You would think that our inability to construct a basic word processor without bugs would be a problem for a completely realistic simulation, but not Musk.
People have come up with other, you know, more exotic ideas, looking for glitches in reality, sort of like in The Matrix when the black cat walks by twice. Remember that scene with Neo? So, looking for mistakes. I don't buy that at all because a very clever error-correcting simulation could simply wipe clean the memory of any such glitch after correcting it.Maybe a "very clever" error correction algorithm could do that, but I haven't seen any evidence of such a thing in our present world that would lead me to believe that it could happen in a simulation. Moreover, it's not even clear how the simulation could detect an error. How would it know what an error means? We check errors now by doing things like checksums to validate that a file is the same after it has been copied, but a violation of the physical laws of the simulation would imply that the program could keep perfect track of its own rules and note when something violated them. More likely, it would not notice a violation because it would be due to a bug in the fundamental simulation code.
At base, I think the idea that we're living in a simulation is pretty silly, and I think the evidence Musk gives for it is strikingly weak. One thing he doesn't address (at least not that I have noticed -- maybe he has elaborated elsewhere) is what exactly we're doing here. Is he saying that we are "non-player characters" who have been programmed with our own consciousness? Because that seems about the most implausible of all: it implies that the programmers have unlocked the key to consciousness to the point where they can not only create a conscious computer, but even conscious elements within a computer.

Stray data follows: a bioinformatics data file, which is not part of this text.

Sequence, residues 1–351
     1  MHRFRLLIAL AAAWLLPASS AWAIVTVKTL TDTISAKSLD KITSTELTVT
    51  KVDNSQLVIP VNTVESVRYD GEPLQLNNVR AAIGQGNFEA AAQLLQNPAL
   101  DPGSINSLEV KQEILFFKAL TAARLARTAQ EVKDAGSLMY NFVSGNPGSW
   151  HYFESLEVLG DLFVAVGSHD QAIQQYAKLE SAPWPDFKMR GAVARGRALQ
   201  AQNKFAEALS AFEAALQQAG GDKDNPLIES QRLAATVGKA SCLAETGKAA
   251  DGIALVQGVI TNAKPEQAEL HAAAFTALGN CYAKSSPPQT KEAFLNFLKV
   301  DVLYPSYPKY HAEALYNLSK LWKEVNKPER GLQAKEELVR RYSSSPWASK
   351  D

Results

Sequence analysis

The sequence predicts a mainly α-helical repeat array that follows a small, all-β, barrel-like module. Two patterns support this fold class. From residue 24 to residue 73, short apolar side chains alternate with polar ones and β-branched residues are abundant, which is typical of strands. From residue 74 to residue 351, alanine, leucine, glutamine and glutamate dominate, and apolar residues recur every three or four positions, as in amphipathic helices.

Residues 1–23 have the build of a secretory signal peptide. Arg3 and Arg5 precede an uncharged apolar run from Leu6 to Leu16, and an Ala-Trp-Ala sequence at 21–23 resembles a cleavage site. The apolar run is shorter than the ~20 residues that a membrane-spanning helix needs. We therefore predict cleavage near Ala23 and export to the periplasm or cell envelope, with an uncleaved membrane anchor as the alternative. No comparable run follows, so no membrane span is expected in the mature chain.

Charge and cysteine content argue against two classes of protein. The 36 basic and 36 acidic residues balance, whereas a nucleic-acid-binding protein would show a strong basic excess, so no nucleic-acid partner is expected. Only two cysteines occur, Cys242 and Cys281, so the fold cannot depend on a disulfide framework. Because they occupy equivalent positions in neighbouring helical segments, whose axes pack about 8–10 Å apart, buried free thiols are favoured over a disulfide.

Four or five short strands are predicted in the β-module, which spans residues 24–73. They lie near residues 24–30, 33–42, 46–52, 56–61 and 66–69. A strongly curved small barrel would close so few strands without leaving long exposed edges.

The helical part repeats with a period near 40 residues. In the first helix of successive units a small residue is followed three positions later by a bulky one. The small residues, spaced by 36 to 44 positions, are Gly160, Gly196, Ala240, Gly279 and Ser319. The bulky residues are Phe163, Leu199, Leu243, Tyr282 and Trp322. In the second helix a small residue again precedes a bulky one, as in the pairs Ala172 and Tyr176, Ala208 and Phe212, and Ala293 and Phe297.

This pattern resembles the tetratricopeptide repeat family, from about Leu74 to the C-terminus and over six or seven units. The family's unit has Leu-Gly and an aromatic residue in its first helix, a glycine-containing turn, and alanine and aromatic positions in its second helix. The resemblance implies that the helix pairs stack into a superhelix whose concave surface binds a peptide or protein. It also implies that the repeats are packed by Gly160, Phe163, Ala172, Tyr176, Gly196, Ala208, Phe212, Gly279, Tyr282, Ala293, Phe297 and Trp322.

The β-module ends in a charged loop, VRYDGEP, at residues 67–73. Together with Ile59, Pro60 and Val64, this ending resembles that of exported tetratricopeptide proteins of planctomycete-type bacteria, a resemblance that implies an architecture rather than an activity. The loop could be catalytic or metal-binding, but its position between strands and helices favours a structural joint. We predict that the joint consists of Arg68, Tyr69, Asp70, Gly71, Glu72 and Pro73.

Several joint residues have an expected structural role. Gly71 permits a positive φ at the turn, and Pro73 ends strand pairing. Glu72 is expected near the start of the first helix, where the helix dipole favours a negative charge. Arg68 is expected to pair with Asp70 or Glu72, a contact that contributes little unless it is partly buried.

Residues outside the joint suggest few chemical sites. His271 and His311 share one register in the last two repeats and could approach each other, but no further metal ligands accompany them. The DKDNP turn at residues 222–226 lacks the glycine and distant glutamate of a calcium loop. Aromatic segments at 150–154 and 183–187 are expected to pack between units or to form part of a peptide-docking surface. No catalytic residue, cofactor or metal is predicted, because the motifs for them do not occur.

Or perhaps we are supposed to be game elements that have evolved consciousness? Again, that seems unlikely. What I thought he meant at first was that we were players in a simulation, physical people who are so absorbed in the game that we don't realize any more that it's a simulation. But how could we possibly become so divorced from our own physical bodies that we could no longer feel them or tend to their needs? Or are we all, like in the matrix, being kept alive by computers while our minds are permanently locked into virtual reality?
There is an old philosophical question that asks how we know we aren't dreaming. I believe a Taoist phrasing of it is, how do we know we're not butterflies dreaming we're humans? Well, it seems pretty unlikely that butterflies could have such a vivid imagination of human lives, but there really doesn't seem to be any way to prove that we aren't humans in a dream state. A more modern formulation is to ask how we know we are not just brains in a vat, being kept alive artificially, all of our perceptions being simulated by some scientist. The simulation hypothesis seems like another variation on this, except for Musk's confidence that his computer simulation theory is extraordinarily likely to be right. I suppose there is no way to disprove it, or any other similar theories, in a definitive fashion. However, I am confident that we will continue to behave as though our physical world is very real, and we will continue to treat those who think it isn't as insane.